My lesbian friend told me that on Saturday there was to be a Gay pride parade on King Street between Foggy Pine bookstore and the Jones house. Reading about it in the local news feed, I didn’t agree with the narratives proclaimed on the Jones house steps, but I don’t begrudge them for staging the event. All people of religious convictions should take their best shot at winning their fellow traveler.
To sink one’s heart in the LGBTQ+ way of thinking you have to embrace Gnosticism. Gnosticism was a departure from Christianity that captured the cultural imagination at the end of the Apostolic age. John, the last of the Apostles, warned against this coming trend when he spoke about not denying that Christ “as coming in the flesh” (2 John 1:7) and arguing in his epistle that doing righteous deeds in the body does indeed matter (1 John 3:7).
Gnosticism, on the other hand, thought the body as irrelevant and bad. The God of the Old Testament was stupid at best and evil at worst creating a yuck-filled body with its guts and blood and vile liquids and excrement. Jesus transcended the body as a spiritual being to allow us to break past the limitations of matter and push into a mysteriously discerned knowledge or “gnosis”.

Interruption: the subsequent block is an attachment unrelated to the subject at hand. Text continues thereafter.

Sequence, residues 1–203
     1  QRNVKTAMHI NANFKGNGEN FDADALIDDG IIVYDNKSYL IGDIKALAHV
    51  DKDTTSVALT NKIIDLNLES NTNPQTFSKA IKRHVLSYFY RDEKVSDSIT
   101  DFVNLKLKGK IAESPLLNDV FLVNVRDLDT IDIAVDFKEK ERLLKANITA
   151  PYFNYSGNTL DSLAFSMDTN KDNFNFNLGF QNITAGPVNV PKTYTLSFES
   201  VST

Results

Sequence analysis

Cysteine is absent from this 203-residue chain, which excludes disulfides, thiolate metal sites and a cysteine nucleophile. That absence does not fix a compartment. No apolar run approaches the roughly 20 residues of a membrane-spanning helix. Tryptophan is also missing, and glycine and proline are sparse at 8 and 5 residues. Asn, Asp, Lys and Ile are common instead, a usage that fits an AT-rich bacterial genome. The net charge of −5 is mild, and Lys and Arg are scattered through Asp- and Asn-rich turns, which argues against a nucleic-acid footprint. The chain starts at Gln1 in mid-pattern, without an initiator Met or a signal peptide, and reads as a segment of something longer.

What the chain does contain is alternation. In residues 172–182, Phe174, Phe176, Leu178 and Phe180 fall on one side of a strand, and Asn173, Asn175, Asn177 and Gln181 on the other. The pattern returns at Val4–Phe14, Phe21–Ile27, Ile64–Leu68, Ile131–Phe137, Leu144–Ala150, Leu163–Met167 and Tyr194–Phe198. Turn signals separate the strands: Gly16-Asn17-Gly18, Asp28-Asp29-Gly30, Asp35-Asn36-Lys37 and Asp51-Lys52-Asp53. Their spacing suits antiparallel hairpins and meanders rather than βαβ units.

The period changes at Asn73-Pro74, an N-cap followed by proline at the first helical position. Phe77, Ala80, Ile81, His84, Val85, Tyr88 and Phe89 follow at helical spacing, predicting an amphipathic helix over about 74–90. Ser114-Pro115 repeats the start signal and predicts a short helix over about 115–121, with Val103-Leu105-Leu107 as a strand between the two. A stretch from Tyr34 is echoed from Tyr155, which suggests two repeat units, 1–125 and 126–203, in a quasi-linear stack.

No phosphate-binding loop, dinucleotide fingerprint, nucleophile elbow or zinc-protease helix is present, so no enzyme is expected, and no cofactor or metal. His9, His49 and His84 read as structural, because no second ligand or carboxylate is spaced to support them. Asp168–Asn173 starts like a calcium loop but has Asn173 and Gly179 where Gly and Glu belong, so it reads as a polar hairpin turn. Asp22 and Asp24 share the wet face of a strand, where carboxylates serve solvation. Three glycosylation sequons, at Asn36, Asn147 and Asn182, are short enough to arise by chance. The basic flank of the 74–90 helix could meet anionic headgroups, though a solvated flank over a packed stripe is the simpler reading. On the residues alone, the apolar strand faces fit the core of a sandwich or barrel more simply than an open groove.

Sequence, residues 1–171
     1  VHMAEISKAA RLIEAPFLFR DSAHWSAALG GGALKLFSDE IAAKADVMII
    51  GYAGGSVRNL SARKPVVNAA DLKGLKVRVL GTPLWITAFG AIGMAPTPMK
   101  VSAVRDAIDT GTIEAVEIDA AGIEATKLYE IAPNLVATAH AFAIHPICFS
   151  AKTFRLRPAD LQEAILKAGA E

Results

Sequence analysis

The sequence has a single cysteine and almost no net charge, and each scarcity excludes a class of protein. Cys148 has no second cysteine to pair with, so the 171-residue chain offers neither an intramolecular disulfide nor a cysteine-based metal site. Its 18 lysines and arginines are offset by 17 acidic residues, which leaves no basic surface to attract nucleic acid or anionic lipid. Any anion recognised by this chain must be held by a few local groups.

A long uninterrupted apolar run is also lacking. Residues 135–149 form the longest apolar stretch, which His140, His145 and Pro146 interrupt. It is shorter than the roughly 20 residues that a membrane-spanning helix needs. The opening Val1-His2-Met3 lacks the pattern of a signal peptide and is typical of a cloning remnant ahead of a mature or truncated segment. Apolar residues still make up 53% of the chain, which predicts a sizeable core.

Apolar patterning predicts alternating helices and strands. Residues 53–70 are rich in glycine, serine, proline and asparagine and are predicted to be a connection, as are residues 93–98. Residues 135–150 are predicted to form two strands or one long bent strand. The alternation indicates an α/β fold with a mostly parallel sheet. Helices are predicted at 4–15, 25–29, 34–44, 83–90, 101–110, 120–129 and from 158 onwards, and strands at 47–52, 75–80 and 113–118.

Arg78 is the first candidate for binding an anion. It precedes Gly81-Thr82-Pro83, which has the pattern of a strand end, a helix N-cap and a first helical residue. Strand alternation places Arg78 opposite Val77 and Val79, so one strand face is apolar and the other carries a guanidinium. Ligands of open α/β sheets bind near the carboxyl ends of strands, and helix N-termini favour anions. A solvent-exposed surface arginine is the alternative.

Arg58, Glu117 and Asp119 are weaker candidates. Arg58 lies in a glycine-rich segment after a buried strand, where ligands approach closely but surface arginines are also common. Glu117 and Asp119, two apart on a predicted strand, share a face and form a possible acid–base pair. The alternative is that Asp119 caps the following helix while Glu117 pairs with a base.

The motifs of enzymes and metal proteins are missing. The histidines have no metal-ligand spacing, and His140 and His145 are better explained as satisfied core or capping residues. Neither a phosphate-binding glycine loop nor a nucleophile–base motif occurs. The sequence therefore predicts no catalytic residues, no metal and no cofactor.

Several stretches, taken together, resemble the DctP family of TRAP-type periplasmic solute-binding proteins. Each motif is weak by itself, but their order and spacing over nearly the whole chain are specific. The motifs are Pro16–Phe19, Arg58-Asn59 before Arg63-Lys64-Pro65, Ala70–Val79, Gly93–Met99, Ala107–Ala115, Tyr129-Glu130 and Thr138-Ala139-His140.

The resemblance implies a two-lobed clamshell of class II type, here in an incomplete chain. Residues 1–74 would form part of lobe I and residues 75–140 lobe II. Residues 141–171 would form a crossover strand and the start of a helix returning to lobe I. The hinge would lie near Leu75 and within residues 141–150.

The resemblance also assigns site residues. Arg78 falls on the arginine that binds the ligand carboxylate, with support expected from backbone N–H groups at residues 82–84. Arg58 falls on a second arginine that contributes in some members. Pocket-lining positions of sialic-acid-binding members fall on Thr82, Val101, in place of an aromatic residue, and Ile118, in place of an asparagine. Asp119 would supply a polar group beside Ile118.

Through the years, as the Gay narriative ebbed and flowed from the pre-AIDS 1970s of militant “you can’t tell us what to do with our body, you sexual Fascists” to the post-AIDS “we were born this way” to the new-millinaial “love-wins fluidity” there is always the same common thread: I have my physical biology over there that may be wired up to a certain gender but my sexual orientation, my true overriding gender, is over here mysteriously discerned through my own private gnosis. Like the Gnostics, the transcending spiritual knowledge of sexual identity transcends the lesser body/matter gender of biology.
Historical Christians, at least those who trace back to the faith once delivered to the Saints and preserved through the ages, never bought into Gnosticism from the beginning. They never traded in the late coming gospels of Mary or Thomas. Against pagan cultures and newly emerging heresies, Christians tended to see humans as a harmonious being. The body and the spirit work together in union, not against itself. The disharmony we find within ourselves is not because we were built with contrary, conflicting parts but because our fallen nature and sin disfigure the image of God wired in us. Redemption seeks to restore this image making us whole and unified rather than pitting our higher spiritual self against our lower physical body.
But in our little town, the Gay Pride band plays on. Gay and Lesbian friends should march to the tune of their beliefs, rehashed and resurrected Gnosticism and all. They have a right to express their religious view. And so do we.